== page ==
Dear readers, it’s time to talk.
Because as much as I value the written word, I fear that we are craving voices.
I recently joined a friend to listen to renowned psychotherapist Esther Perel discuss the challenges of connecting in the digital age. Perel argued that we have never been more accessible to each other. We spend virtually all-day exchanging emails and texts. But we don’t speak to others nearly as often; either in person, or on the phone.
In other words, we are talking at each other, rather than with each other.
Like many of us, I actually now almost jump when my mobile phone rings. “Who could possibly be calling me?” I find myself thinking, equal parts shocked and irritated.
In contrast, when I was a teen girl, I’d rush to beat my sister to the telephone when it rang in our lounge room, thrilled that any moment another human would be on the other end of the line. What possibilities! “I’ll get it,” I’d yell as I ran towards a conversation.
Research suggest that our digital natives, however, sprint away from the ring. In fact, studies have shown that 40% of young people report feeling anxious about the thought of having to take a call. There has even been a rise in articles teaching millennials the lost art of talking on the phone (advice includes, “speak loudly enough, and slowly enough, but not too slowly.”)
And yet we are born wired for sound. It’s why new parents attempt to bond with their babies by talking to them while they are still in the womb. It’s why we sing lullabies and read stories to children.
So, if we are no longer engaging in conversations, then how are we quenching our innate thirst for the spoken word?
Perhaps this explains the phenomenal rise in popularity of podcasts (tellingly, some of my favourites allude to a mutual dialogue in their title – ABC Radio’s Conversations, and Perel’s Where should we begin?) and in Audiobooks, which are the fastest-growing sector of book publishing.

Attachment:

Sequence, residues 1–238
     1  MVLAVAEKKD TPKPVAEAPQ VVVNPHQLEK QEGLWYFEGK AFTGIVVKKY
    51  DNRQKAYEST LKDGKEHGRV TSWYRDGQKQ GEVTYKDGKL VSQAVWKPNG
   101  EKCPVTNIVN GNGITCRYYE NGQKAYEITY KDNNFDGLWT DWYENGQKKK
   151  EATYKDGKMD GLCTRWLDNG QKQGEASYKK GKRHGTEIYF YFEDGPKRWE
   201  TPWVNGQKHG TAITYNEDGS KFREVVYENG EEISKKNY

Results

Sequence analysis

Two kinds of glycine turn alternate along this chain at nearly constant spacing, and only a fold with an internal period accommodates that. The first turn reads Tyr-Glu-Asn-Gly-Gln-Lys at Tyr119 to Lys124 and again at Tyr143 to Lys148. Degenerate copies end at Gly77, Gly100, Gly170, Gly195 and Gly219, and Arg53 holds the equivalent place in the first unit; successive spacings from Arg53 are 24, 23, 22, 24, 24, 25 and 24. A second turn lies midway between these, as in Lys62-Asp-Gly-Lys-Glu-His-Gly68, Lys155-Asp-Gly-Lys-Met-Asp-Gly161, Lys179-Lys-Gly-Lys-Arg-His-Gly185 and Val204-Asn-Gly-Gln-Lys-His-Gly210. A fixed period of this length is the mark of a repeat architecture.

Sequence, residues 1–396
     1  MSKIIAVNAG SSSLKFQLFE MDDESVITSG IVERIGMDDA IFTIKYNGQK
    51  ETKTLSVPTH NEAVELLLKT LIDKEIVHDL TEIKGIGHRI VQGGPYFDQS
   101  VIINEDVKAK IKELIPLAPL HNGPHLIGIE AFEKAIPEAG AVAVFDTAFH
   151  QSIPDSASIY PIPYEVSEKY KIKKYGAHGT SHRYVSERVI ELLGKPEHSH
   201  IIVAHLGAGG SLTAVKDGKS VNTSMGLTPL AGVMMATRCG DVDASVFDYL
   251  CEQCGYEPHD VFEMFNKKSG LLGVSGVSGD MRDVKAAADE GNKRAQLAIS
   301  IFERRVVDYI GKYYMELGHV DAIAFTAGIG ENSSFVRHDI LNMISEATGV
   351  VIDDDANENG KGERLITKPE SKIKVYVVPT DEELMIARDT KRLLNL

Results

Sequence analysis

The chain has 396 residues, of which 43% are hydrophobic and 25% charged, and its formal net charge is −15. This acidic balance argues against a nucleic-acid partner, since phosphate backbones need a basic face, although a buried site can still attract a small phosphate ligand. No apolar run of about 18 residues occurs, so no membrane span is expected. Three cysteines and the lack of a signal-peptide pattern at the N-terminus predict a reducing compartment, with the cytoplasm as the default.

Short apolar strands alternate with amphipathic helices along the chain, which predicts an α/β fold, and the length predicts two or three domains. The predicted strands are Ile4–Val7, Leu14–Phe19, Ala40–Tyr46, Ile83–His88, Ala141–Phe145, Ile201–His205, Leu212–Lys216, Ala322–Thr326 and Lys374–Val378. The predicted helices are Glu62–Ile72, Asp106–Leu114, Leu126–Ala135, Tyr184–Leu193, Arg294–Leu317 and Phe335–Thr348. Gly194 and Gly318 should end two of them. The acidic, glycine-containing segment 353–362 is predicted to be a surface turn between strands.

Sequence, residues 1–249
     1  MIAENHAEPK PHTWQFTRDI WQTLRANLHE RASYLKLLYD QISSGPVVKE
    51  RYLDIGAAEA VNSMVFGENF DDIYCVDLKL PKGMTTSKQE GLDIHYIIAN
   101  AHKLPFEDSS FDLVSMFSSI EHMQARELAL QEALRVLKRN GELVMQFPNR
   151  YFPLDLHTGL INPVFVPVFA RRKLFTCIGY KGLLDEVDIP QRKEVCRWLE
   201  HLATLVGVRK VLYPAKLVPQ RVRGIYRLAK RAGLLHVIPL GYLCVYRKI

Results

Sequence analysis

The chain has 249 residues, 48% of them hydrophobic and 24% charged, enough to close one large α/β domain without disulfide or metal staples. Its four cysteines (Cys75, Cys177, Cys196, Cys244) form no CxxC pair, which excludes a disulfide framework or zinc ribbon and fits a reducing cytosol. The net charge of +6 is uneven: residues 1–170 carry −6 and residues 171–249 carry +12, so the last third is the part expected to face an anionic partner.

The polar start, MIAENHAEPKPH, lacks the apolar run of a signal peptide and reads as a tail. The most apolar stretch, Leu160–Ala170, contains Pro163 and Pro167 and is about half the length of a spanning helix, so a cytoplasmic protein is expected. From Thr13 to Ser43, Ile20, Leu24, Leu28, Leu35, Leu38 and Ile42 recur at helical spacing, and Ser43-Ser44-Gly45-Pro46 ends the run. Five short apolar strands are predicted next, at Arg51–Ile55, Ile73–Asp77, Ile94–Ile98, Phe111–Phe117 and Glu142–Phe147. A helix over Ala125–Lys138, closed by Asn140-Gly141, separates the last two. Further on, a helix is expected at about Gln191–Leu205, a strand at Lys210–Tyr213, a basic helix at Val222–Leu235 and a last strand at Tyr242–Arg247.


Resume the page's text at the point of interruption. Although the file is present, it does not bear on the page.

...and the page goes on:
Even clever tech companies are trying to get our devices to sound more life-like so that we will listen.
Amazon are reportedly spending millions trying to make their virtual assistants sound less robotic, and more human-like. They are finding ways in which they can make them whisper, and they are trialing varying the volume, emphasis and pitch of their speech. Laura Wagner, a psycholinguist at Ohio State University, told science and technology site Wired, “We’re going to love (our VA) more if it sounds human.”
It may explain too why organised travel groups are on the rise. Traditionally, a journey was an opportunity not just to sight-see, but to connect with new people. Weary travellers would meet at inns and share stories of their adventures. Now, hotels provide self-contained rooms; little boxes from which we order in, and watch TV alone.
But what we are really missing out on may be more than just the face to face sharing of anecdotes, and the comfort of company.
A male friend who recently confessed that he too feels almost resentful when his mobile rings reflected that he had, however, fondly listened in as a young boy to his Dad when he was on the phone. “I find that in doing things I heard my father do when I do have to speak on my phone (such as making a reservation or call down for the car) I hear his voice in the register I drop into.”
Ordinary moments that provide unexpected opportunities for reflection, and connection.
In my work with teenage girls, I’ve always known the young people I work with are most engaged when I share my personal stories with them. Yet I hadn’t realised how enduring my voice might be in their lives until recently.
On the weekend, a young woman stopped me at the cafe she was working in and said, “You came to my school a few years ago. My friends and I still talk about that day! And this will sound really weird, but I have your voice in my head. Like, when I am not sure about something, I hear you talk me through it.”
Would she have internalised my voice in quite the same way if she’d only ever read my books, or received an email from me?
It’s worth discussing.
This post was first published in The Daily Telegraph.